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Photoshop - Rust Texture - 1

There are many ways of emulating this popular texture in Photoshop. We hope this is one of the best!

1. Open a new file 250 x 250 px, 72 dpi. and fill with a light grey.

2. Create a new layer and with the Rectangular Marquee Tool Rectangular Marquee Tool draw out a shape like the one below:

3. Go to SELECT...Modify...Smooth and enter a setting of 6 px. (This is the way to create shapes with rounded corners - ignore any other advice!). Fill this shape with a medium grey.

4. With the Rulers visible (Ctrl + R), drag down a horizontal guide to where the bottom of the two oval "cutouts" (see right) will be.

5. Select the Elliptical Marquee Tool Elliptical Marquee Tool and, in the Options Bar enter a "Fixed Size" of 50 px wide x 75 px high. Draw out an ellipse that sits on the guide you dragged in and press Ctrl + X to cut out the shape. Draw another ellipse on the other side of the shape and cut this out also.

At this point, think about why you want the effect, and where you're going to apply it. You may decide to rust up a part of an interface or maybe just add some rusted text.

Rust - basic shape

6. Ctrl + click on the layer you created in Step 2 (if you forgot to create a new layer, start again! This is one of the most basic errors in beginning to use Photoshop - please get into the habit of creating layers). When you Ctrl + clicked on this layer, marching ants will have appeared around both the rounded shape and the two ellipses. Go to SELECT...Save Selection and name it rust blur. Now go to the Channels palette where a new channel called "rust blur" will have been created. Click on this new channel and go to FILTER...Blur...Gaussian Blur and enter 6 px say OK and deselect (Ctrl + D).

Now return to the Layers palette and make sure the layer with the "shape" on is selected. Doesn't seem to have changed, huh? Again, this is a Photoshop basic. By creating a new Channel and applying a Gaussian blur, then returning to the Layers palette, we are going to give it some Lighting Effects to make the image look a bit 3D-like!

Rust - channels

7. So go to Filter...Render...Lighting Effects. Enter the settings shown (you don't have to give the lighting effect a name or save it). The important parts are that the Light type is Spotlight and that you have selected the correct Texture Channel.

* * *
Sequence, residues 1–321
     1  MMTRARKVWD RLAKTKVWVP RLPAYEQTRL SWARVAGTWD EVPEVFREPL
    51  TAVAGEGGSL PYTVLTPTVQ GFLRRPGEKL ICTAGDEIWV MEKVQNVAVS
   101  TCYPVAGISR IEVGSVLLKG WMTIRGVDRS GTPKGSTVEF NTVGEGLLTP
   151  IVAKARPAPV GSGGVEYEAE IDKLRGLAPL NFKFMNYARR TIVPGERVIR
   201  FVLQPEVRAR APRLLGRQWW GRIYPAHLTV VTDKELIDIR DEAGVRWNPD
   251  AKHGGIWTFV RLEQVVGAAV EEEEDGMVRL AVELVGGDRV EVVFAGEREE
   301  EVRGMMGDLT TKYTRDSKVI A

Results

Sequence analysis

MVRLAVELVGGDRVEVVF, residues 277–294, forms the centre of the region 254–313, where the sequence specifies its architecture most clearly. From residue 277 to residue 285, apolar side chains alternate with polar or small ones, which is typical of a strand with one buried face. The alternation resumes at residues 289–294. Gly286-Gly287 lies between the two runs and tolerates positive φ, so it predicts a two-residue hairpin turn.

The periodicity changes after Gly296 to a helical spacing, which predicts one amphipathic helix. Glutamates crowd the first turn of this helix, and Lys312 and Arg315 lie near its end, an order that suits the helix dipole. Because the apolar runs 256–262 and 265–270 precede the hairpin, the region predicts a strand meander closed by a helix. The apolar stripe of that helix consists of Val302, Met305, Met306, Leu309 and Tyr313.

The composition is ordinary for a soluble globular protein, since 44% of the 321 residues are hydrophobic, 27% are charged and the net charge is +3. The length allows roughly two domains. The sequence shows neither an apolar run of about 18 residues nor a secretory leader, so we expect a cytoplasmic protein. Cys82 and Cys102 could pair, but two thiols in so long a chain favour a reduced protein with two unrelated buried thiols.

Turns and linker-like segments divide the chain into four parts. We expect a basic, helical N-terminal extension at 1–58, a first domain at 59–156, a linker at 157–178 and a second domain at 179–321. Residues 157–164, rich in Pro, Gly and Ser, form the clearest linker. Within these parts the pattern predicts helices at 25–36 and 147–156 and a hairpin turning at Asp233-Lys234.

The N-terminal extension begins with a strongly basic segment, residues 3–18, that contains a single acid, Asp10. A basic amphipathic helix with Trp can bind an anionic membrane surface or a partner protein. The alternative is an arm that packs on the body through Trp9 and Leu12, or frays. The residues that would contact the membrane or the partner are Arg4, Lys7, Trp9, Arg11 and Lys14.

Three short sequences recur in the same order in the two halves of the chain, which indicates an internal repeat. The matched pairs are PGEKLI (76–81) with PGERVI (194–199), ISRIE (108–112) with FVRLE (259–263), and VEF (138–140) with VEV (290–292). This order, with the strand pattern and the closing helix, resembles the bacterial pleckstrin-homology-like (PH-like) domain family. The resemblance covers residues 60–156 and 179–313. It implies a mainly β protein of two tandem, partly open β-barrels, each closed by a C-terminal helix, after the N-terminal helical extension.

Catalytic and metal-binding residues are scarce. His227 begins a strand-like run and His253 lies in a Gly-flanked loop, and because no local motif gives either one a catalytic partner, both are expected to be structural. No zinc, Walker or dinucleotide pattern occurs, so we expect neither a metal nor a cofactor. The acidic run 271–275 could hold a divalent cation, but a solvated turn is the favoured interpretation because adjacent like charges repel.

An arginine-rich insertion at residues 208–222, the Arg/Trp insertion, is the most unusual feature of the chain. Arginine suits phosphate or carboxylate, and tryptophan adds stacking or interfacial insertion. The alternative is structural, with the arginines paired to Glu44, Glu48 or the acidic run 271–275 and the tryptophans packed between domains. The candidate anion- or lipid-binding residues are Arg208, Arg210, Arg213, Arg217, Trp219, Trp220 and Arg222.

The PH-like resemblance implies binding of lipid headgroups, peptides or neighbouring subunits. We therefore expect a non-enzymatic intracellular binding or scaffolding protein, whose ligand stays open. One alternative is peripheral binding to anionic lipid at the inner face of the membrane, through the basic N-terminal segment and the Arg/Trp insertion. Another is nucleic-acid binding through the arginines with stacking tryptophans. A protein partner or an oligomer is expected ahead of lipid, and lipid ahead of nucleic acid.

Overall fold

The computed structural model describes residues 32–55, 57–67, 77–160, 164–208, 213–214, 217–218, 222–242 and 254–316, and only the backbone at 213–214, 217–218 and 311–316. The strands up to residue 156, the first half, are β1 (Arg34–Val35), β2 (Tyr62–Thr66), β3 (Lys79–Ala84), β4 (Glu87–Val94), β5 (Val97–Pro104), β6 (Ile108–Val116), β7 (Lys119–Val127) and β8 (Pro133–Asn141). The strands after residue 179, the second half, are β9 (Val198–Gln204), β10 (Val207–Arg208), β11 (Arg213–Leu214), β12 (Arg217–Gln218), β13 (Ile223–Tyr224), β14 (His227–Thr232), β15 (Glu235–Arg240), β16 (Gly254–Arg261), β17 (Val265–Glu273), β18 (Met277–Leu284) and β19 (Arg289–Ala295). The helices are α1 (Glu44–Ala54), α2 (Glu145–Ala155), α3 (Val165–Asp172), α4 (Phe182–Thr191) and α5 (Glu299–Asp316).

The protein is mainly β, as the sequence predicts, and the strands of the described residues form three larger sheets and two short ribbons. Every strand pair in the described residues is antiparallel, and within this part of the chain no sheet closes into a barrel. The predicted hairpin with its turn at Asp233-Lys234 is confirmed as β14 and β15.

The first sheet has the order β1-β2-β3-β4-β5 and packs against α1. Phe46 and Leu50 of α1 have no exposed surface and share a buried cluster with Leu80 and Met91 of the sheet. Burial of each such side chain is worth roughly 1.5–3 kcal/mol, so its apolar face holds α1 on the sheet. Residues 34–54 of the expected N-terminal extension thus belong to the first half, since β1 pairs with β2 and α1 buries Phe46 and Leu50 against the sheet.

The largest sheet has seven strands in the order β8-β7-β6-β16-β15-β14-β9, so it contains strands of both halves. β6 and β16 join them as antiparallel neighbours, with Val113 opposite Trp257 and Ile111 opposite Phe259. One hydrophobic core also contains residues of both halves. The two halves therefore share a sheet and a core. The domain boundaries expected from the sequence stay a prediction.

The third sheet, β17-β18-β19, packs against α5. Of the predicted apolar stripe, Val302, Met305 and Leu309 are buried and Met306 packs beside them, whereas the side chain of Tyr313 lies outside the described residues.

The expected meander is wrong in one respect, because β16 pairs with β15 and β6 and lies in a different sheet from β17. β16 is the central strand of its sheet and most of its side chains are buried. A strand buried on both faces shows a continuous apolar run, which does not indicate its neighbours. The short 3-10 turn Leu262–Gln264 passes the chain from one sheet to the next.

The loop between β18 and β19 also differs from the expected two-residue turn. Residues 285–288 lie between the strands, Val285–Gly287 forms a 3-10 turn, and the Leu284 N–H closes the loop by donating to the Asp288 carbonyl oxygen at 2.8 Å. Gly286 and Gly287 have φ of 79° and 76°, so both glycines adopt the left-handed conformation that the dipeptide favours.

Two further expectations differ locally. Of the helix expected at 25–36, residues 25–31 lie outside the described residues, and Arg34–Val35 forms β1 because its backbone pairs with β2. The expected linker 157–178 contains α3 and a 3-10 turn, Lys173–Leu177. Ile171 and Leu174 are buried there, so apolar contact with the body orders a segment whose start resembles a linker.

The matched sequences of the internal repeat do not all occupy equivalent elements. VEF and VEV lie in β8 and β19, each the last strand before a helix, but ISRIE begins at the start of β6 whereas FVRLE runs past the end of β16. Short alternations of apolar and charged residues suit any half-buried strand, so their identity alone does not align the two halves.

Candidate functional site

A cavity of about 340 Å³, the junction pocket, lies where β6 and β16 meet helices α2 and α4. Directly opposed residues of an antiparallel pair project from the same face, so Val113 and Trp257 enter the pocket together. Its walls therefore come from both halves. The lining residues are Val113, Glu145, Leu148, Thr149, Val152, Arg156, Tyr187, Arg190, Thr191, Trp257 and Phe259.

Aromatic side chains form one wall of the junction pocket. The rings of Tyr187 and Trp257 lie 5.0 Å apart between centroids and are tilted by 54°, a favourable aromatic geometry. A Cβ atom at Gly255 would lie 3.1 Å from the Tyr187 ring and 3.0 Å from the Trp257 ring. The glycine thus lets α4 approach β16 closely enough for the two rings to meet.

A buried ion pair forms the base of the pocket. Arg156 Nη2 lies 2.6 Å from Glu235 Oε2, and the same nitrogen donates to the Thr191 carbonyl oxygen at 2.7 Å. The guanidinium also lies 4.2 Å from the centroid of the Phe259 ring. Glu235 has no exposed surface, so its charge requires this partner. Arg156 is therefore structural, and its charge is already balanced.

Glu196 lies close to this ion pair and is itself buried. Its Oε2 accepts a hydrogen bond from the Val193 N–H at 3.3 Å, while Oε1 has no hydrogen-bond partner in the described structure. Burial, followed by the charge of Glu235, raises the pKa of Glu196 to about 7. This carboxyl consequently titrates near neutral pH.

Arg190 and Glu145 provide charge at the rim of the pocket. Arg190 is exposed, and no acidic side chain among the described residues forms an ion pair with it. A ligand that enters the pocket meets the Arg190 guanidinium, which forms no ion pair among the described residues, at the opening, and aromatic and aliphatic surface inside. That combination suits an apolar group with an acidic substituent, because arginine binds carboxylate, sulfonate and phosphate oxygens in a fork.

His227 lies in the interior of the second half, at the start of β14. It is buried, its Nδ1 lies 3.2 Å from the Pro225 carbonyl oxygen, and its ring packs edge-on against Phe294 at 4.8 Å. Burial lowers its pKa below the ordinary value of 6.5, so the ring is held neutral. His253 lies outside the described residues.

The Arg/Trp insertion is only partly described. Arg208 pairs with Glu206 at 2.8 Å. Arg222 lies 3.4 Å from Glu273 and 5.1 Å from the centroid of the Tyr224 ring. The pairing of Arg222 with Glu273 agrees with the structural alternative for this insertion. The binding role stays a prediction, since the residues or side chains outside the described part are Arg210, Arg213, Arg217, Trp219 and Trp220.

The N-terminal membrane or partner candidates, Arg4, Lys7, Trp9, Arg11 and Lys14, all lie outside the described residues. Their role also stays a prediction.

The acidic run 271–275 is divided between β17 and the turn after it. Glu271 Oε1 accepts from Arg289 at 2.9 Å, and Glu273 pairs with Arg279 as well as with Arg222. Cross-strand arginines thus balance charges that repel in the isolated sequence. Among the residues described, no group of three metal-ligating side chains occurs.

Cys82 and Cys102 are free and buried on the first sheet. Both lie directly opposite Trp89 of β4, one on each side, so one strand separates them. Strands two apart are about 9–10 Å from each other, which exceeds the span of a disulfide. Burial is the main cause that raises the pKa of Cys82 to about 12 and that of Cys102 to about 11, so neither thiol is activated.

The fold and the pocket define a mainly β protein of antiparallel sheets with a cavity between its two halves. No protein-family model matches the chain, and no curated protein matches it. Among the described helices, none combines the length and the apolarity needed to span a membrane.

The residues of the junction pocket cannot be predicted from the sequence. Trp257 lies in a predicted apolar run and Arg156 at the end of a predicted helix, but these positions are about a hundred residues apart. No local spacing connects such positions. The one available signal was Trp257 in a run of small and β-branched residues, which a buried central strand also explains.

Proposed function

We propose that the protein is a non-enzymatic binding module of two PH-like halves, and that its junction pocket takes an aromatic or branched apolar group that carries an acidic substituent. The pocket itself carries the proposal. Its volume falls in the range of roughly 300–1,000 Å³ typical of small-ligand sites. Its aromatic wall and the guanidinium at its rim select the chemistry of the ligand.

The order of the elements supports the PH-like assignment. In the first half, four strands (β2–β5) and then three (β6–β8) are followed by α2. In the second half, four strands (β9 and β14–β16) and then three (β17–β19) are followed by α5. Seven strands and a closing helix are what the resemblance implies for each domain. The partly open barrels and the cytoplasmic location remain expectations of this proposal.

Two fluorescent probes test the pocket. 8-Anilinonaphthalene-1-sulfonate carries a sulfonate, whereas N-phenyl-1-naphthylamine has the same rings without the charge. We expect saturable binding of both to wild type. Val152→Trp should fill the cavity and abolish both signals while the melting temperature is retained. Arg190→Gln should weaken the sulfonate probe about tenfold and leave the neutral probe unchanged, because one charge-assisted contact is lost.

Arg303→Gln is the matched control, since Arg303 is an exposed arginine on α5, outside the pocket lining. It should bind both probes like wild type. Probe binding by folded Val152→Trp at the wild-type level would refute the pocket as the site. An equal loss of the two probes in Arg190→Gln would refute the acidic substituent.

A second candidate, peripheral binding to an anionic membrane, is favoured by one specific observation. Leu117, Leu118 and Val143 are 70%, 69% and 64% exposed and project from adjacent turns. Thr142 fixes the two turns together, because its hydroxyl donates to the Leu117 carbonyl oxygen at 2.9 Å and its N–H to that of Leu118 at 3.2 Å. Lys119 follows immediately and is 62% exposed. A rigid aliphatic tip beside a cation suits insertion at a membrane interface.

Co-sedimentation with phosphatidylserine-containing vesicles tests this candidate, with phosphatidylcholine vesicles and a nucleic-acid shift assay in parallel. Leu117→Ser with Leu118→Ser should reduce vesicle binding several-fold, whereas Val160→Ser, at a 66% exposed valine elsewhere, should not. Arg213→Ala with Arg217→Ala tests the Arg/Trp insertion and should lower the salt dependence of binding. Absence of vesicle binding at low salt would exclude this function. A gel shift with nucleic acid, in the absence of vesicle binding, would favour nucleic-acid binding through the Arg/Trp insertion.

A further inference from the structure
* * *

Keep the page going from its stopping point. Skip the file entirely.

When you return to the Layers palette, you will immediately see the effect.

8. You may have noticed the image looks a little grainy, so before we go any further, lets go tidy it up. Load the Shape layer (Ctrl + click) and go to SELECT... Inverse and fill with black, SELECT... Inverse again and then FILTER...Blur > Gaussian Blur ...1px.. Select Inverse once more and Delete that black, now deselect. That should have cleared away that grainy look.

Rust - lighting effects
This is fairly advanced Photo-shopping, the use of Channels, blurs etc. but stick with it. Lighting Effects could fill an entire book on themselves but used in conjunction with Channels and blurs, the easiest way to describe them is like shining a torch across your monitor from a low angle - the beam of light "picks out" the contours you created when blurring. To help you, before applying any of the settings, the first thing you should do is select the correct Texture Channel - this will give you a "real time" preview of your settings in the dialog box. Rust - after lighting effects
9. OK, let's re-arrange this some by adding some noise. Staying on the Shape Layer, go to....FILTER...Noise...Add Noise
Amount 12
Rust - noise
10. Now create a new layer and add a Layer Mask by clicking on this icon at the bottom of the layers palette. Add layer mask
11. Working on the layer mask, go to FILTER...Render...Clouds and hit OK. Now Select the other layer icon (the one linked to the layer mask which (when you click on it, will change to a brush). Check out the images opposite, we've put a red box around them.

Now select a good rustic color, (We chose RGB 155, 65, 14.) Now Ctrl+ click the Shape layer to load the selection and still working on the clouds layer, fill with your rustic color.(Quicktip: Alt + backspace to fill with the Foreground Color). Deselect.

Rust layer mask

Rust layer mask 2

And that could be where you leave it. You could experiment with Layer Modes, Opacity etc. etc. but it looks OK at the moment. In the next stage, we're going to mess it up a bit more and then we've got a really advanced tutorial about all textures rusty!

Rusty texture

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